I am reading a book that is a summary of Jonathan Edwards' Religious Affections. For those of you that are unfamiliar with Religious Affections, it is often mentioned as one of the most influencial books in church history. Many of the men that I respect most cite this book as one that changed their lives. It has been a disturbing read to say the least. From time to time I run into a book that does not allow be to remain unchanged and RA is forming up to be one of those books.

Edwards writes that our affections (the actions that result from the orientation of our souls or the fervent exercises of the heart) define whether we know God or not. In other words, we are spiritually defined by what we love consistently. He would also say that what we love will also influence what we hate (love God = hate sin).

This little idea has rocked my world. There are times when I desparately love God, but often I only hide the household gods instead of destroying them. My affections are divided and I break the most important commandment over and over again. I love the Lord my God with some of my heart and some of my soul and some of my strength. I need God to save me from myself.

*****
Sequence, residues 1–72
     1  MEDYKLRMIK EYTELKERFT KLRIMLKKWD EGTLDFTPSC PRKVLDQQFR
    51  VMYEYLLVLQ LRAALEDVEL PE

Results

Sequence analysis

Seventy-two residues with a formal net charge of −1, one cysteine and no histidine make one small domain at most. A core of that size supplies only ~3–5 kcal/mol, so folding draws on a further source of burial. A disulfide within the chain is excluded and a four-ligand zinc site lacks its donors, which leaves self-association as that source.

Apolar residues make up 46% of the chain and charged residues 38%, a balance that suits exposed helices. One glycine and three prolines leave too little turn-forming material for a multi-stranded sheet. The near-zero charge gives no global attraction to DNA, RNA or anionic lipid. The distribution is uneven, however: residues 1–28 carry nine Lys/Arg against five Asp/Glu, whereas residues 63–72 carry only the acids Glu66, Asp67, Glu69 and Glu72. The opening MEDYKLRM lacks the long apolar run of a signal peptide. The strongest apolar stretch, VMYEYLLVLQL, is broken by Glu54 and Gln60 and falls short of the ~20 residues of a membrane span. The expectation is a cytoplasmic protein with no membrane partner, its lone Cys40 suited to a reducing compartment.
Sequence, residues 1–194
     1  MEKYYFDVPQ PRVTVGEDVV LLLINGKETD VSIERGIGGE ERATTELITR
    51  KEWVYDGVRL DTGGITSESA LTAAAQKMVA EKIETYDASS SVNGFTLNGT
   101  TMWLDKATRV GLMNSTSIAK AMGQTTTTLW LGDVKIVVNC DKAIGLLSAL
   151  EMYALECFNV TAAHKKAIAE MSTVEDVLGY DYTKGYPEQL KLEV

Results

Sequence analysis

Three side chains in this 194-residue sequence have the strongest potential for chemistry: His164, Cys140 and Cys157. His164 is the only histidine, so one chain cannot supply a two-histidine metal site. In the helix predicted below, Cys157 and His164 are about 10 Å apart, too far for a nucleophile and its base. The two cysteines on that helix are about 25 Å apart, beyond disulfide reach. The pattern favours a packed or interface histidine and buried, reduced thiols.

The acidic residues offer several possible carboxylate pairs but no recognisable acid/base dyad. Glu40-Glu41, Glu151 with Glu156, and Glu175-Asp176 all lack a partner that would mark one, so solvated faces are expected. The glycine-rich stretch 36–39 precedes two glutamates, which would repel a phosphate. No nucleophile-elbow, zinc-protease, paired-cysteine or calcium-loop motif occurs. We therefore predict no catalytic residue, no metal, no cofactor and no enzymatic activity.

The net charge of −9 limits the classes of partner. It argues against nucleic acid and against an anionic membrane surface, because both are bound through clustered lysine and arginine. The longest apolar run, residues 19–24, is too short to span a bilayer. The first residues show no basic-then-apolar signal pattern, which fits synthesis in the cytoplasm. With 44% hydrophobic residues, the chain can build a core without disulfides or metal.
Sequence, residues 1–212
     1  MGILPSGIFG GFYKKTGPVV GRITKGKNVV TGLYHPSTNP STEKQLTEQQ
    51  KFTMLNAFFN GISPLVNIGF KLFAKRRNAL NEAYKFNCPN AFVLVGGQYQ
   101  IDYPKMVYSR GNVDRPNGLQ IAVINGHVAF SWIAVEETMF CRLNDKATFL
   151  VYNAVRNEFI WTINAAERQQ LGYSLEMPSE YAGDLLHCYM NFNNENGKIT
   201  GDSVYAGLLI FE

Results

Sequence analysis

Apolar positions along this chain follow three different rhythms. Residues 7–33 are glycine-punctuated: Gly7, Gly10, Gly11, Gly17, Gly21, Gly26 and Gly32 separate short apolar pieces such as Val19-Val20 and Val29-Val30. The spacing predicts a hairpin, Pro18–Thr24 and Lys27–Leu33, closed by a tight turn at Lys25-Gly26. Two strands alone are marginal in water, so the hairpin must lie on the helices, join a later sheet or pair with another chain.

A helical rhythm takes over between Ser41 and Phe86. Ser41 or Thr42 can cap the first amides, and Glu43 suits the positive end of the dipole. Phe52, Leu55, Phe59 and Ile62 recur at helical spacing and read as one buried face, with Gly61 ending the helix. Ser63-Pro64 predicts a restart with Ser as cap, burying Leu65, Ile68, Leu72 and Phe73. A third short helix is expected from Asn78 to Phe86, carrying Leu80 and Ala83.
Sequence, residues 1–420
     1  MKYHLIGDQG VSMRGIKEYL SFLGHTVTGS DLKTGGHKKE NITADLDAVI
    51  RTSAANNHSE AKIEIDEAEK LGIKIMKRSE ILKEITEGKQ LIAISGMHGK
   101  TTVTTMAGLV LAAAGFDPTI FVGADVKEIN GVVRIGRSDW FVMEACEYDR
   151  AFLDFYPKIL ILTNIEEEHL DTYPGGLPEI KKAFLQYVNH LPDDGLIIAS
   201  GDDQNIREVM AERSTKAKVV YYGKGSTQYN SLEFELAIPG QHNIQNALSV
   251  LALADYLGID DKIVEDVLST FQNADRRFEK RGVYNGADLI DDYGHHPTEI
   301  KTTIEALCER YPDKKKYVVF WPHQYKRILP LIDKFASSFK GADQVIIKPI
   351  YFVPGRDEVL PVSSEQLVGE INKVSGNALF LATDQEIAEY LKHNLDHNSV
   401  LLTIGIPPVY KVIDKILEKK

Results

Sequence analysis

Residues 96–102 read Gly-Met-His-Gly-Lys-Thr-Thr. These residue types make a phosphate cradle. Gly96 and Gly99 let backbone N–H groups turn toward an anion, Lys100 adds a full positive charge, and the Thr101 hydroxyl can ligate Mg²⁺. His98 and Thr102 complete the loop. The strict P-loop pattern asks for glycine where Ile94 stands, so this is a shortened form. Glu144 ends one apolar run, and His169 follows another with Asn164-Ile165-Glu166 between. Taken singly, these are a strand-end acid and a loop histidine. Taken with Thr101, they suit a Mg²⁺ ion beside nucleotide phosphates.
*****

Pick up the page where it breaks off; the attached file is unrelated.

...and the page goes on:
And He Jesus. In Christ, my affections can be changed. Will be changed. And as I am sanctified by Him, a clearer view of Him will make everything else seem worthless in comparison.

So. What do you love?

In response to TobyBo's comment yesterday

Here is the cat "post cleaning".....

Tuesday, April 21, 2009

Maybe I can borrow a cat...

Instructions for cleaning the toilet:
1. Lift the lid on the toilet and fill it with 1/8 cup of animal shampoo.
2. Take the cat in your arms and stroke it gently while slowly moving in the direction of the toilet.
3. At a suitable moment, throw the cat into the toilet bowl and close the lid quickly and either stand or sit on the lid.
4. The cat will now start the cleaning process and will produce generate plenty of foam.
Do not be concerned about the loud noises coming from the toilet; your cat is enjoying himself.
5. After several minutes flush the toilet to start the “Power-wash” pre-wash and then flush again for the main wash cycle.
6. Ask someone to open the front door and ensure that no-one is between the toilet and the front door.
7. Get off the toilet seat and from a safe distance open the toilet lid quickly.